An empty FEMA trailer has been darkening Kathy Berggren's side lawn in Harahan since January. That's when her father, brother and sister-in-law vacated the temporary shelter and moved back into their Kenner home, which they renovated after Hurricane Katrina flooded it.
Despite four months of pleading, however, Berggren can't get the trailer removed.
"We've been calling every day," she said. "I even asked them if another family could come and stay in the trailer."
The Federal Emergency Management Agency denied the request.
Nagin, a former cable television executive who ran as a political outsider four years ago, overcame withering criticism of his performance in the months since the Aug. 29 storm. Acknowledging that the effort to restore basic municipal services has been painfully slow, Nagin blamed the lack of progress on a failure of state and federal government to come to the aid of a city reeling from the worst urban natural disaster in American history.
Holl: "You come up this road, the drive turns, you can barely see on the left these brown vernacular adobe buildings, which are the main house and Mei-mei's and Richard's studios, and there's this weird metal thing straight ahead that doesn't look like a house and that you see right through, like it's a gate, or some inhabited piece of sculpture." Holl likes Kiki Smith's remark that it's "a brooch pinned to the mesa." He describes being the first one to sleep in it, a year ago: "The sun rises on the mesa from underneath you and the place glows with a gentle orange light that softly wakes you up."
Tuttle: "The place is uninhabitable half the time. It's too hot in the summer, too cold in the winter. With lasers, they devised a footprint, a slab, on site, then when the panels arrived they didn't fit — they had to pull them together with straps, like a corset. Not very bright. Any damn fool knows you don't do these two things separately. I respect Steven. He's an artist. It's not his fault if the whole architecture profession is ego gone wild." He adds: "It turns out that the greatest invention, the one that made civilization possible, is caulking."
Berssenbrugge: "We wanted prefab, and instead we got a creative architect's iteration of prefab. It's not Green. It's not solar. It was twice over budget and construction was a nightmare and it's still not finished. But it is real architecture, and that's rare, with beauties only an artist can give you. I tell people, was Dr. Farnsworth happy with the house Mies van der Rohe gave her? She didn't have a closet, but she got a work of art."
architecture 2006 nyt magazine
Is so pathetically unfunny the new funny?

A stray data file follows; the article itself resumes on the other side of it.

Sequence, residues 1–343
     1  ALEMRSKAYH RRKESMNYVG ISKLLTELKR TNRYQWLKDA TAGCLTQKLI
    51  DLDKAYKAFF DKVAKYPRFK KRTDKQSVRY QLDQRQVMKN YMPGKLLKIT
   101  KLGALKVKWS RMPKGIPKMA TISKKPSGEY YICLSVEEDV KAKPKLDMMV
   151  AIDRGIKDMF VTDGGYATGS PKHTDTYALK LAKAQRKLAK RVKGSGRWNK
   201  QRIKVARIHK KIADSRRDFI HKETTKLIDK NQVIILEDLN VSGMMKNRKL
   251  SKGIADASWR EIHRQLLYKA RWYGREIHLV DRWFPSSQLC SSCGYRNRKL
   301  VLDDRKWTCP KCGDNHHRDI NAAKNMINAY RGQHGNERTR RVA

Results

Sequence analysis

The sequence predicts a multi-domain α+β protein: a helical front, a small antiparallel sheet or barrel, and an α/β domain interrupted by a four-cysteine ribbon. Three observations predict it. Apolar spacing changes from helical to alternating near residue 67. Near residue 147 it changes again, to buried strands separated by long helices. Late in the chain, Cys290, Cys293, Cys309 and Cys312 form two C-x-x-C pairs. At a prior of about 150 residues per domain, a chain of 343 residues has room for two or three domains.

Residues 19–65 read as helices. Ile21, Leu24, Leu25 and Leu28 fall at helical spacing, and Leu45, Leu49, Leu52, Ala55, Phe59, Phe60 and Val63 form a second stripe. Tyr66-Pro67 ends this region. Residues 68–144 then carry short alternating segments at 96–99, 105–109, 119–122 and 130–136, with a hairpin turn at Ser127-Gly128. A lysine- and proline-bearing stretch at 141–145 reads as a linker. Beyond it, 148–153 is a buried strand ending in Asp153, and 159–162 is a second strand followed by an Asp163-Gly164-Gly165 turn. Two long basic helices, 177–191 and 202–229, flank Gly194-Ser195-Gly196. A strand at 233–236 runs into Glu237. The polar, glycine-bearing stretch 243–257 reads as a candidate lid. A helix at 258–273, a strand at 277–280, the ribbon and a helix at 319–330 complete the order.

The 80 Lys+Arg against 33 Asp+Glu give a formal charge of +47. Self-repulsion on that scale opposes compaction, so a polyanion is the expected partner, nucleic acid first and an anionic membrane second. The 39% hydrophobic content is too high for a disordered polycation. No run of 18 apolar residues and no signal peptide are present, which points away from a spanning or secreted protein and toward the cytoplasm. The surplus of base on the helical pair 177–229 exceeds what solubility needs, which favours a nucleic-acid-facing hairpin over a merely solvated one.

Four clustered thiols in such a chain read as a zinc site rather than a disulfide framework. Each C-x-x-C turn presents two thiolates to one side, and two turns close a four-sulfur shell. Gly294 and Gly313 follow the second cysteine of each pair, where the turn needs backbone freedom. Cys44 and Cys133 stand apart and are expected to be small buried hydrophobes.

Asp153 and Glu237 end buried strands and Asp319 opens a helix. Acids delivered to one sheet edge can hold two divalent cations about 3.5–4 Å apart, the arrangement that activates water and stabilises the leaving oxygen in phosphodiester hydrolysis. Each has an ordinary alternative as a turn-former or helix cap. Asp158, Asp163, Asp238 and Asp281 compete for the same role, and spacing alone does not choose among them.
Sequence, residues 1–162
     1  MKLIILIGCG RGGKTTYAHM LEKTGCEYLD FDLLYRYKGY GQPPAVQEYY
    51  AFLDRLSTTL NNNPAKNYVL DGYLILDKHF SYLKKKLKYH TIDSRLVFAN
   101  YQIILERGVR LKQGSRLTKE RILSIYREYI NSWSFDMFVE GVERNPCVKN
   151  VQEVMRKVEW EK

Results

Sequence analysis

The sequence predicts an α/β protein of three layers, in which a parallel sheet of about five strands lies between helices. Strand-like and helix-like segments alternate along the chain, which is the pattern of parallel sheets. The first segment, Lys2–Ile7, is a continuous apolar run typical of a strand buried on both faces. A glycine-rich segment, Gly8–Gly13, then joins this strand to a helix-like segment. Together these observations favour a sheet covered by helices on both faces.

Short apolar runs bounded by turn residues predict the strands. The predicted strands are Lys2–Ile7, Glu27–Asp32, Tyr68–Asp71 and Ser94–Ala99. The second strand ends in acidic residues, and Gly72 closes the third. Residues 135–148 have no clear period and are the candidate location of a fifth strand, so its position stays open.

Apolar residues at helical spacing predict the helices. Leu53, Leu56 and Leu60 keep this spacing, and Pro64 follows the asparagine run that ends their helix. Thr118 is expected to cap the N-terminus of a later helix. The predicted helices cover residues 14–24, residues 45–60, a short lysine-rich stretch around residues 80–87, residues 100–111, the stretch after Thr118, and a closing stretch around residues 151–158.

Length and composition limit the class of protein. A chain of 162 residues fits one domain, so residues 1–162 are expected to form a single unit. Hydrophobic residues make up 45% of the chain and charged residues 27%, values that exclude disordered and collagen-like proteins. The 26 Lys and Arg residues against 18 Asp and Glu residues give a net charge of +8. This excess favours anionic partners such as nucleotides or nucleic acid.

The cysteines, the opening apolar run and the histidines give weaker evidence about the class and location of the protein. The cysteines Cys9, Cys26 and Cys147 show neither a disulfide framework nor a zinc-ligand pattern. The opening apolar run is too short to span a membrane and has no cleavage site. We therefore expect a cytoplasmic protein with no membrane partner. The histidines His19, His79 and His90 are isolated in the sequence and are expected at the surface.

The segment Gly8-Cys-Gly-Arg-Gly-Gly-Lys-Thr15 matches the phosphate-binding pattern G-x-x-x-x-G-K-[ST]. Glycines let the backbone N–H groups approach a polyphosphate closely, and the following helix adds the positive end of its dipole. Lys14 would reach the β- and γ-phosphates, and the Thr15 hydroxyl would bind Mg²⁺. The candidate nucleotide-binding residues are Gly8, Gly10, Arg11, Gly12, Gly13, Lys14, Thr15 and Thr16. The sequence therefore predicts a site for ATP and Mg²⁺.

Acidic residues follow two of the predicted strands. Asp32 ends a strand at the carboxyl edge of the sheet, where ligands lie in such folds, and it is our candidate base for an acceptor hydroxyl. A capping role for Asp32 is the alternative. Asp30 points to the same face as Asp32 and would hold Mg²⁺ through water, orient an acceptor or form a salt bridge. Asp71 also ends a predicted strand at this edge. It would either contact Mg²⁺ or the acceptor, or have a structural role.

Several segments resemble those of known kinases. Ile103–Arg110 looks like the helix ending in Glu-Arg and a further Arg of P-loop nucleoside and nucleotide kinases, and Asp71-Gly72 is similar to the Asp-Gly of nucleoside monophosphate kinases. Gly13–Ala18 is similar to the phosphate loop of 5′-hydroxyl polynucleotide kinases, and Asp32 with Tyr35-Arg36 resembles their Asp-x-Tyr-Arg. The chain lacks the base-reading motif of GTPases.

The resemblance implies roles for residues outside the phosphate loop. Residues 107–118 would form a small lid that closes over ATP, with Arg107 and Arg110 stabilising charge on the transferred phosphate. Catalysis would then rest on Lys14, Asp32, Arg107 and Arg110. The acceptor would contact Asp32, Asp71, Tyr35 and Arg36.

But we accept that within the category of genre fiction a certain amount of borrowing of themes and plots and ideas is acceptable—even laudable.
a second guess
How Did I Become The Typhoid Mary Of the Art World?
harry smith spoken word
This president loves dishing it out. The AP reporter who introduced Colbert told an anecdote about Bush teasing him at a press conference for having “a face for radio.” Ha ha ha. Good one, Mr. President. He is awfully homely. Colbert’s performance, however, made it clear that Bush doesn’t enjoy taking it.Gene Lyons
Well, tough. Millions of Americans haven’t enjoyed being subjected to Bush’s swaggeringly contemptuous disregard for the truth. Nor, to come to the point, the posturing of media enablers like Cohen, a liberal columnist who wrote in 2000 that the nation was “in dire need of a conciliator, a likable guy who will make things better and not worse ... That man is George W. Bush.”
The larger point is that Beltway courtiers like Cohen, Time’s Joe Klein and others currently succumbing to the vapors over critical e-mails from fans thrilled by Colbert’s gutsy performance, are on their way out.
The brief reign of the celebrity pundit began with cable TV and appears to be ending with the Internet. Washington socialites are quickly being replaced in public esteem by politically oriented bloggers like Josh Marshall, Kevin Drum, the inimitable Digby, Glenn Greenwald, Billmon, Atrios and many others. As Greg Sargeant recently pointed out in the American Prospect, “readers are choosing between the words on a screen offered by Klein and other commentators and the words on a screen offered by bloggers on the basis of one thing alone: The quality of the work.”
Sure, there’s a danger of groupthink. That’s true of all mass media. But there’s also a fierce independence and intellectual honesty among the best online commentators, which have got Washington courtiers running scared.
What is it about academic theory that begs to be, well, sung by people who can't sing? Our pal Brian J. Davis has provided a punk rock response: An EP of Theodor Adorno's bleak classic Minima Moralia set to thrash-rock. MP3s: The, The People | This Side of the Pleasure Prinsiple | UNmeasure for UNmeasure | Johnn Head In The Air | Every Work of Art is an Uncommitted Crime
Brian's not the first one to tackle this. Finnish eccentric genius M.A.Numminen composed six songs to the book "Tractatus Logico-Philosophicus" by philosopher Ludwig Wittgenstein in 1966 (listen to A Proposition Is [MP3]). And these works have alas (sadly for my listeners), spawned my own adventures into the field: Kenny G Sings Wittgenstein (MP3) Part 1 | Part 2. Ouch.